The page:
prove a set of facts entitling it to some relief. At a minimum
WICO may be able to prove Willis announced its intention to and
did breach the Agreements' termination provisions. That is enough
to survive Willis' present motion.
WICO's Potential Remedies
Willis also argues (Mem. 4-6; R.Mem. 1-6) rescission is not a
proper remedy under the facts alleged. That argument does not
support dismissal of the Complaint, but only the striking of a
remedy sought (familiar pleading principles teach the prayer for
relief is not part of the cause of action itself, which is a
function of the facts alleged in the complaint).*fn3
Willis contends (1) the Agreements were contracts for the sale
of goods and (2) WICO admits its acceptance of the goods and does
not allege their nonconformity and therefore (3) WICO is not
entitled to rescission as a remedy under UCC Article 2. See
Ill.Rev.Stat. ch. 26, §§ 2-607, 2-714.*fn4 WICO responds (Ans. Mem.
9-15) (1) the Agreements were not contracts for the sale of goods
and (2) even if they were, their service components predominate
and therefore (3) UCC Article 2 is not applicable.
Illinois applies the "dominant purpose" test to determine
whether contracts are for sale of goods or for services when both
are plainly involved. See Davenport, Murray and Cassling,
"Illinois Code Comment," Ill.Ann.Stat. ch. 26, § 2-102
(Smith-Hurd 1983 Supp.), at 29, and cases cited. Although the
Agreements are in many ways hybrids, their sale-of-goods purpose
WICO seizes on the facts the Agreements (1) did not require a
specific purchase of goods (Ans.Mem. 9-10) and (2) set out a host
of service responsibilities (id. at 11-12). But sale of goods is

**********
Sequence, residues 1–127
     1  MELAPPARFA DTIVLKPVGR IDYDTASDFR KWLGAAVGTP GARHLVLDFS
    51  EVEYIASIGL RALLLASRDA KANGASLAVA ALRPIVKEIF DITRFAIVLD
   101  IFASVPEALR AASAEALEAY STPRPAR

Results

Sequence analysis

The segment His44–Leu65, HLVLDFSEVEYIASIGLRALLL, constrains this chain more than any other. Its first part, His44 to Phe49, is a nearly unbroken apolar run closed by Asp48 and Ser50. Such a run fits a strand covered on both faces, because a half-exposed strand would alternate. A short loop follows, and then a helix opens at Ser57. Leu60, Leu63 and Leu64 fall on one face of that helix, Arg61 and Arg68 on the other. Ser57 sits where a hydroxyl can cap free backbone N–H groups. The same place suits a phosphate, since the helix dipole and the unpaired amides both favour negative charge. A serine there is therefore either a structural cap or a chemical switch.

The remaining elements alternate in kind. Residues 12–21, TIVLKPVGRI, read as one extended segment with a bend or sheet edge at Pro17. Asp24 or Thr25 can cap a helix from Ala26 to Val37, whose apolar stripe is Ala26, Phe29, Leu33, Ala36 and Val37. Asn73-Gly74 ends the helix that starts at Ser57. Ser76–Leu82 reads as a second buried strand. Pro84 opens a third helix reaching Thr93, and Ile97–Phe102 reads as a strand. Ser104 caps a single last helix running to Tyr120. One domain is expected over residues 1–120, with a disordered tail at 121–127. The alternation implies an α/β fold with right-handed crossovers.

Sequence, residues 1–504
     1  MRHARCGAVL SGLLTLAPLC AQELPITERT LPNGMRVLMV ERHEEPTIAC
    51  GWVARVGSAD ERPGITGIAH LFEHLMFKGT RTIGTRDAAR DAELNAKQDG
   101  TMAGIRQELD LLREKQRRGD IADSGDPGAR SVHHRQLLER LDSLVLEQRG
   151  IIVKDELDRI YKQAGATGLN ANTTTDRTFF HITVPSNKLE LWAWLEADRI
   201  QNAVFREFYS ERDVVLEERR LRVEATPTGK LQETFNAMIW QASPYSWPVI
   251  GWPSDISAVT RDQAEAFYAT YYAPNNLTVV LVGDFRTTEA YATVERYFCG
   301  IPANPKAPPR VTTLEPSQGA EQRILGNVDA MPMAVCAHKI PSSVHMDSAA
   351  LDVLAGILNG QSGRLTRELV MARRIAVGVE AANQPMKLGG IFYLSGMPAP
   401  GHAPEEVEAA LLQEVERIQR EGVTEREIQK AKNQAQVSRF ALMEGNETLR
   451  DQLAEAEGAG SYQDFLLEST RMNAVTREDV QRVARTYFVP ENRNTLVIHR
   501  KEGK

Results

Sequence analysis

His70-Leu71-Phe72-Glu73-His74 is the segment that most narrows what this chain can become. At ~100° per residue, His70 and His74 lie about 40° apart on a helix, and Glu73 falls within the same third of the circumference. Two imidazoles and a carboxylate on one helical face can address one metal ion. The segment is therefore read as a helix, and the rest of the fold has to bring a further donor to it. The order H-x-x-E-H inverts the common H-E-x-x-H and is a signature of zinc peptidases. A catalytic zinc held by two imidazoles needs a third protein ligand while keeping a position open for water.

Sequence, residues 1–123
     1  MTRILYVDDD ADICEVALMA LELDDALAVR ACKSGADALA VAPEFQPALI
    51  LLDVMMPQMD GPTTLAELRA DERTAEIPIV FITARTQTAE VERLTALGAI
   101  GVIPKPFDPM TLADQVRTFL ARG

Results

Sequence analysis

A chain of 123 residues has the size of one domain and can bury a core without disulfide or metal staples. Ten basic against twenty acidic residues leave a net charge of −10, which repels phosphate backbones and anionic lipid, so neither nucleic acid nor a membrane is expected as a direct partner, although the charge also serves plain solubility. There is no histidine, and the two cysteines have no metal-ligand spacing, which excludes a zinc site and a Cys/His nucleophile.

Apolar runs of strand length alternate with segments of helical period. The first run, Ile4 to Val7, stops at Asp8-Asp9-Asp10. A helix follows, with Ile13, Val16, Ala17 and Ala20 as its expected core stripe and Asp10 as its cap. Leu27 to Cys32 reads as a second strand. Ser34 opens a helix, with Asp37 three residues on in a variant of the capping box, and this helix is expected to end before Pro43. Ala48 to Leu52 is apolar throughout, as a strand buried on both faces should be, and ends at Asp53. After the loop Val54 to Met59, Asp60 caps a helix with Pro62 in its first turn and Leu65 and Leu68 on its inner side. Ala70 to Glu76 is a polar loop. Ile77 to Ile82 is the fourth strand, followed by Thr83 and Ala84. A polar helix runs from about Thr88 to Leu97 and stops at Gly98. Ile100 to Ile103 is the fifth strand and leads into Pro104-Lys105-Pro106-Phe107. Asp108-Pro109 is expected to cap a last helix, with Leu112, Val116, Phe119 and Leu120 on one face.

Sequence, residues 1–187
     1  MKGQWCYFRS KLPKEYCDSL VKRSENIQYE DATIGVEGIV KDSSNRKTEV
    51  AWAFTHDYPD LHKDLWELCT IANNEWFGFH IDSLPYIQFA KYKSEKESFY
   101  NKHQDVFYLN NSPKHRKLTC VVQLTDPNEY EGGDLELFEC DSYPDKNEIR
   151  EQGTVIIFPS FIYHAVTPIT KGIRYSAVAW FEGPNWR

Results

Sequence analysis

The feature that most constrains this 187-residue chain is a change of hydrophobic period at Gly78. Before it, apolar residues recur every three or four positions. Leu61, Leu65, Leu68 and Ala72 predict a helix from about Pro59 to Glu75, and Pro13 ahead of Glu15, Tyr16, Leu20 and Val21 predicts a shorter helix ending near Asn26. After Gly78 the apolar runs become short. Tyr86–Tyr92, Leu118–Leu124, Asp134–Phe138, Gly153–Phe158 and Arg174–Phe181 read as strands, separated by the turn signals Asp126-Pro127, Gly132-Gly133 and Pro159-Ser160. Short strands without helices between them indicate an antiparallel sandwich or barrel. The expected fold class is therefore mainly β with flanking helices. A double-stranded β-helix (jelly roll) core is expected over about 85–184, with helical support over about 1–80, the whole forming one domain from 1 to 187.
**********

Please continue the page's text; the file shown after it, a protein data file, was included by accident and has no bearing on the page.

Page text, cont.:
nevertheless the raison d'etre of the Agreements: All the service
aspects of the Agreements are aimed at developing and increasing
the market for Willis' graphics, and those graphics were to be
sold by WICO. This simply is not a situation in which sale of
goods is really incidental to the rendition of services. Cf.
Carroll v. Grabavoy, 77 Ill.App.3d 895, 899-901, 33 Ill.Dec. 309,
311-313, 396 N.E.2d 836, 838-40 (3d Dist. 1979) (finding
dentist's provision of dentures was not a sale of goods);
Executive Centers of America, Inc. v. Bannon, 62 Ill.App.3d 738,
741-42, 19 Ill.Dec. 700, 702-03, 379 N.E.2d 364, 366-67 (3d Dist.
1978) (finding golf professional's contract was predominantly
contract for services although he was required to purchase 20
golf carts from country clubs). Thus, even though WICO was not
simply a distributor of goods, the Agreements were for the sale
of goods — without such sale the Agreements were meaningless.
Accordingly, rescission is not an available remedy in this
Willis' motion to dismiss is denied. WICO's prayer for
rescission of the Agreements is stricken. WICO is granted leave
to amend its Complaint accordingly on or before July 22, 1983.
Willis is ordered to answer the Amended Complaint or otherwise
plead on or before August 5, 1983. A status hearing in this
action is hereby scheduled for August 26, 1983 at 9:15 a.m.